You are here

John Oliver and Budweiser: Is there Such a Thing as Bad Publicity?

John Oliver Budweiser

Conventional wisdom in marketing suggests any publicity is good publicity. This idea has been under fire this week with TV funny man John Oliver’s takedown of McDonalds, Bud Light Lime and Adidas on his show This Week Tonight. 

In case you missed it, Oliver promised to eat, drink and wear these brands' products on the air if embattled FIFA chief Sepp Blatter would resign his post. Blatter did, and Oliver was as good as his word—but along the way took the time to roast Adidas (“ridiculous”), McDonalds (“disgusting”) and Budweiser (like urine, etc.). 

After the broadcast, Ad Age reported a huge spike in “Bud Light Lime awareness,” as well as increased activity around Adidas and McDonalds related to the show, which it interpreted as a big positive. In response, Social Media Today’s Aaron Miles questioned whether Oliver’s insults could possibly do anything but damage to these brands—never mind the huge spike in media mentions.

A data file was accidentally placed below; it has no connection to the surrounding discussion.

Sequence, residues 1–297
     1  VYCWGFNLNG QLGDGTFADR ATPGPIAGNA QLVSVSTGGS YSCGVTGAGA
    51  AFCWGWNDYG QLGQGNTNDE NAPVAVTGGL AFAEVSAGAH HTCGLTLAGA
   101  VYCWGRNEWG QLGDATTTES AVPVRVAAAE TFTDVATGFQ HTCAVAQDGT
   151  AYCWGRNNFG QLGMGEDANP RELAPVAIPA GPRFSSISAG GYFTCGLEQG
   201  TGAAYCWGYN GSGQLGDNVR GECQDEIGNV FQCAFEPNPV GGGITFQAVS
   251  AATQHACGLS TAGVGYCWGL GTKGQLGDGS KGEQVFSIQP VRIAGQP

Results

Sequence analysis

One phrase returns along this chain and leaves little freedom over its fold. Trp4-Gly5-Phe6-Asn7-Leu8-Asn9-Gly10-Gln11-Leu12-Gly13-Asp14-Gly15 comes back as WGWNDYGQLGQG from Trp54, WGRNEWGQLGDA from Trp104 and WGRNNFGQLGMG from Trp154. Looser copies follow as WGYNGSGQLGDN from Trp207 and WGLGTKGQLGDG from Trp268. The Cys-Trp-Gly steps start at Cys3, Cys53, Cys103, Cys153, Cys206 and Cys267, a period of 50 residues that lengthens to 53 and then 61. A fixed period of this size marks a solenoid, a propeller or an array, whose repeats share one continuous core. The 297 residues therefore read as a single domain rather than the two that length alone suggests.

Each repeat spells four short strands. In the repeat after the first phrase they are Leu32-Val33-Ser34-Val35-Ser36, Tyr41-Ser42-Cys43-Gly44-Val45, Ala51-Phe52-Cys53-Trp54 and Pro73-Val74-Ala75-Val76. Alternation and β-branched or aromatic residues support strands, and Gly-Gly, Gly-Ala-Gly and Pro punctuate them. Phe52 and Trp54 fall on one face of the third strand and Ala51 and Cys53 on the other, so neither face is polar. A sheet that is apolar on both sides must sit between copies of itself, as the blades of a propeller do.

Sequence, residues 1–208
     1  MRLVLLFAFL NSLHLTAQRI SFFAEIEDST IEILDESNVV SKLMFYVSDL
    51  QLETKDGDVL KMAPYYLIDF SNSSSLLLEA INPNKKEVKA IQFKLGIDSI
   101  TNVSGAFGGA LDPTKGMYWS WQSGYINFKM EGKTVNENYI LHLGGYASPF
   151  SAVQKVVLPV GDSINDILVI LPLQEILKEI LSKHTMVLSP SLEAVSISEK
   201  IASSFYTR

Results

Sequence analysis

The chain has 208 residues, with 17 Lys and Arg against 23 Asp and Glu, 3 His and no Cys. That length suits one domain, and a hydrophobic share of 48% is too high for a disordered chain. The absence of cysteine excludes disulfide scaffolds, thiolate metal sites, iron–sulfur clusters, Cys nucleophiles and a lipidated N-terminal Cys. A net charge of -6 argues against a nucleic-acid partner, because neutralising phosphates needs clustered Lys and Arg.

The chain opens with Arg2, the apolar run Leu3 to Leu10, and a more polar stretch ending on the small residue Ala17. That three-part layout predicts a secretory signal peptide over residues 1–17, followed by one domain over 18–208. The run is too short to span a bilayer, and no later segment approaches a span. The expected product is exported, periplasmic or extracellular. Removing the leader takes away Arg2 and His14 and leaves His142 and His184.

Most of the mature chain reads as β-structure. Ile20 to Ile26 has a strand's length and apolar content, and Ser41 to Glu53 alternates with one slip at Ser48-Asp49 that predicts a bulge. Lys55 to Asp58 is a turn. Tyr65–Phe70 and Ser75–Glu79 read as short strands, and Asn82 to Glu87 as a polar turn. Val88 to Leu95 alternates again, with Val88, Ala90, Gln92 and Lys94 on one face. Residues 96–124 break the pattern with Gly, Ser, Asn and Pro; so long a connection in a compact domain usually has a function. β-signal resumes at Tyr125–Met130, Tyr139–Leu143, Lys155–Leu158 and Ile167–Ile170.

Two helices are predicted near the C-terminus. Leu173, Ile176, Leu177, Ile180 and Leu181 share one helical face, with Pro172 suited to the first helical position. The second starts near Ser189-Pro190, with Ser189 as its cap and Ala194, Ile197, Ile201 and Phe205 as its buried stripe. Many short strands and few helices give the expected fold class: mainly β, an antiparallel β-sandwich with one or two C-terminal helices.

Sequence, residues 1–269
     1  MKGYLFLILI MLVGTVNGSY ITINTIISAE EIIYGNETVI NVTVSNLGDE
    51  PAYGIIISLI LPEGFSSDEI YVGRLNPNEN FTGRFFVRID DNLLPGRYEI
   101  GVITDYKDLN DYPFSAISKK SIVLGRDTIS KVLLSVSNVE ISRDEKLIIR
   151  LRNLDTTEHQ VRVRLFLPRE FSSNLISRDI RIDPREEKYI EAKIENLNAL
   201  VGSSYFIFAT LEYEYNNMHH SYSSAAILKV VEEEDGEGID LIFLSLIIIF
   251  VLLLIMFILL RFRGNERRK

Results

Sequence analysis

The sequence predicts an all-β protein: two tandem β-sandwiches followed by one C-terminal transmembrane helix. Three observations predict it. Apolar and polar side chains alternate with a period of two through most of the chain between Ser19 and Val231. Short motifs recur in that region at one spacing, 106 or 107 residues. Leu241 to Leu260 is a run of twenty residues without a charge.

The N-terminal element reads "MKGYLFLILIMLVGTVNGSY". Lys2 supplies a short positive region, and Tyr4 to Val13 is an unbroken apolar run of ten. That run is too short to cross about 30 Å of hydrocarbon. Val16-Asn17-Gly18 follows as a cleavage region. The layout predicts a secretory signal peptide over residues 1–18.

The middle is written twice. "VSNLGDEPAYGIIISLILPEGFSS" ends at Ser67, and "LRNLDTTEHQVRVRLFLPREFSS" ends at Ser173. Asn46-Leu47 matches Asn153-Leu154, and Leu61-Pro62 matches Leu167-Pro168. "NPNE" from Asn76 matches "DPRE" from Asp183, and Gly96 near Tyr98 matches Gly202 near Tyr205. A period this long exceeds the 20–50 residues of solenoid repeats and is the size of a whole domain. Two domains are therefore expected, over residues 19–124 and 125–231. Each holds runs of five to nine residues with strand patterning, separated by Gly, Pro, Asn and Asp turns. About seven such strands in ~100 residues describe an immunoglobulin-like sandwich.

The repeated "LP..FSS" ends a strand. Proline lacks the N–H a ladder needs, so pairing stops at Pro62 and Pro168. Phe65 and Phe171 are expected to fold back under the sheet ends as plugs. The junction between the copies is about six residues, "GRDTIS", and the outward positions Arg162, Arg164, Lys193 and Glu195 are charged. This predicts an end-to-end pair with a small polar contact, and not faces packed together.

“The goals of branding have always seemed willfully ignorant of context,” Miles wrote. “As an enterprise, it is acutely aware of when people are talking about a product, but not how people are talking about it.”

John Oliver's Budweiser Bump: Good, Bad or Neutral?

In this case I side with Ad Age. Miles obviously has a point, but when it comes to brands as big as Adidas, Budweiser and McDonalds, our views were formed long ago. Jokes about Bud Light Lime make Bud Light Lime fans think about Bud Light Lime. The Ommegang Valar Morghulis drinkers? They’re not buying it either way.  

Same with McDonalds and Adidas. Exposure to these brands among Oliver’s late-night, adult audience will disgust some people, but have a net positive result.    

Miss the broadcast? Watch it below, and tell us what you think.